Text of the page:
PHILADELPHIA City property owners who are fighting their higher assessments can pay their lower tax amounts from last year while they appeal - but many probably don't realize it.

Especially those who recently received a bill for the newer, higher amount.

Those bills have caused what one city councilman calls "all kinds of confusion."

The problem, said Revenue Commissioner Clarena I.W. Tolson, was timing: The city did not get a list of people with appeals pending before the Board of Revision of Taxes (BRT) until the 2014 bills were already being processed, she said.

So, owners of about 24,000 properties were sent bills based on values they believe are incorrect and inflated.

Tolson said new letters would be mailed out to most of those property owners starting Saturday, informing them that they can pay just their 2013 taxes until their cases are settled.

"It was a major lift to create these revised bills," she said. "We wanted to make it very clear . . . there's no catch to this, no loss to them for taking advantage of this."

Councilman Mark Squilla last year successfully sponsored legislation that allows property owners to pay their 2013 taxes while appealing their new assessments.

His reasoning was that property owners shouldn't have to pay 2014 bills they view as unfair - and possibly can't afford - and then wait for a refund if they win their appeals.

If property owners owe more after an appeal is settled, they can pay up the balance without facing interest or penalties from the city.

Squilla said his office started getting calls from people who filed appeals shortly after the 2014 bills, asking them to pay the full amount, were sent out in December. "It just caused all kinds of confusion," he said.

He said more than a third of the appeals were filed by property owners in his First District, which stretches along the Delaware River from South Philadelphia to Port Richmond.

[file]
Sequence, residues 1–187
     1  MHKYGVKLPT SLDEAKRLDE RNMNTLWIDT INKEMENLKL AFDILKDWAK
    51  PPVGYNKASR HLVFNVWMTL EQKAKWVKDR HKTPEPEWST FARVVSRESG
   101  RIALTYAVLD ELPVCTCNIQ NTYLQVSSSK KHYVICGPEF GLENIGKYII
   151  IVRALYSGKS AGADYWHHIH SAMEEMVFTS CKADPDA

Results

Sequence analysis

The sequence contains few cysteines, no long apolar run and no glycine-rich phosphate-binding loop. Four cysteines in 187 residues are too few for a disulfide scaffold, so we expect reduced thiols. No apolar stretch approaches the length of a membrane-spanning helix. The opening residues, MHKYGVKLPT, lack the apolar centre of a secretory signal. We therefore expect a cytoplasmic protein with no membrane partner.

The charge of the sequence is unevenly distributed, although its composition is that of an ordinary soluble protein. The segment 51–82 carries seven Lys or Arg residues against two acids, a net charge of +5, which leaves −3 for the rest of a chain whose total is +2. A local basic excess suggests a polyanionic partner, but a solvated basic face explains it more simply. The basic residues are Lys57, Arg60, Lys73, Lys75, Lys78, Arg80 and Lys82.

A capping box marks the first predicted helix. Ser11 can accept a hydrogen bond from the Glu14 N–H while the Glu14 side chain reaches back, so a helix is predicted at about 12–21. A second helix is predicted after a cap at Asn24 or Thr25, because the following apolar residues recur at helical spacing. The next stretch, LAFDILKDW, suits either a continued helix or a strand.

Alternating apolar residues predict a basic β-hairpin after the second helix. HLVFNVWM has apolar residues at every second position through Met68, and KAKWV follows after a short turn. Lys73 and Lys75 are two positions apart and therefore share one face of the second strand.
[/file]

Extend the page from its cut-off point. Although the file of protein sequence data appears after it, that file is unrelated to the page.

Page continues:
Squilla's area got hit hardest by tax hikes under Mayor Nutter's property tax reform, the Actual Value Initiative (AVI), which included a citywide reassessment.

The new assessments were meant to reflect the actual, market value of properties - and in most cases, were much higher than assessments under the old, broken system.

But Council also passed a new millage, or tax rate, that was many times lower than under the old system, and as a result, the majority of property owners saw their taxes go down or roughly stay the same.

That combination of changes at times left property owners scratching their heads. The confusion seems to have continued - Tolson said owners of some 4,600 properties appealed their new assessments despite the fact that their tax bills are lower as a result of AVI.

Those people will not get revised bills from the city, she said.

Tolson said that each year, the Revenue Department needs several weeks to process, print, and mail the end-of-the-year property tax bills. That work is begun annually in mid-November, but in 2013, the list of property owners with pending appeals did not arrive from the BRT, an independent board, until after that.

"This was just a cross in timing," she said.

Property tax bills are due March 31, but amid all the complicated numbers, here's a nice, simple one for Philadelphia homeowners: They can get a 1 percent discount if they pay by Feb. 28.